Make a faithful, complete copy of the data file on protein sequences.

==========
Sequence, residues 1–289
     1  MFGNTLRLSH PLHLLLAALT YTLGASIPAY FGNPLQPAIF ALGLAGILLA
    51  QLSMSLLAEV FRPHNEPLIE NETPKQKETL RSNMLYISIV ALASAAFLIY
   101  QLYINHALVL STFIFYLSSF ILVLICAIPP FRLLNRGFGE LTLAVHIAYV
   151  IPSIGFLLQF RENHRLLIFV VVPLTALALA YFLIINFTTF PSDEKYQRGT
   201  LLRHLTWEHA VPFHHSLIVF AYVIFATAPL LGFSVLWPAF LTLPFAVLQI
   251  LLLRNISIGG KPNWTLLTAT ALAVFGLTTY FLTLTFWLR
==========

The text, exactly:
Sequence, residues 1–289
     1  MFGNTLRLSH PLHLLLAALT YTLGASIPAY FGNPLQPAIF ALGLAGILLA
    51  QLSMSLLAEV FRPHNEPLIE NETPKQKETL RSNMLYISIV ALASAAFLIY
   101  QLYINHALVL STFIFYLSSF ILVLICAIPP FRLLNRGFGE LTLAVHIAYV
   151  IPSIGFLLQF RENHRLLIFV VVPLTALALA YFLIINFTTF PSDEKYQRGT
   201  LLRHLTWEHA VPFHHSLIVF AYVIFATAPL LGFSVLWPAF LTLPFAVLQI
   251  LLLRNISIGG KPNWTLLTAT ALAVFGLTTY FLTLTFWLR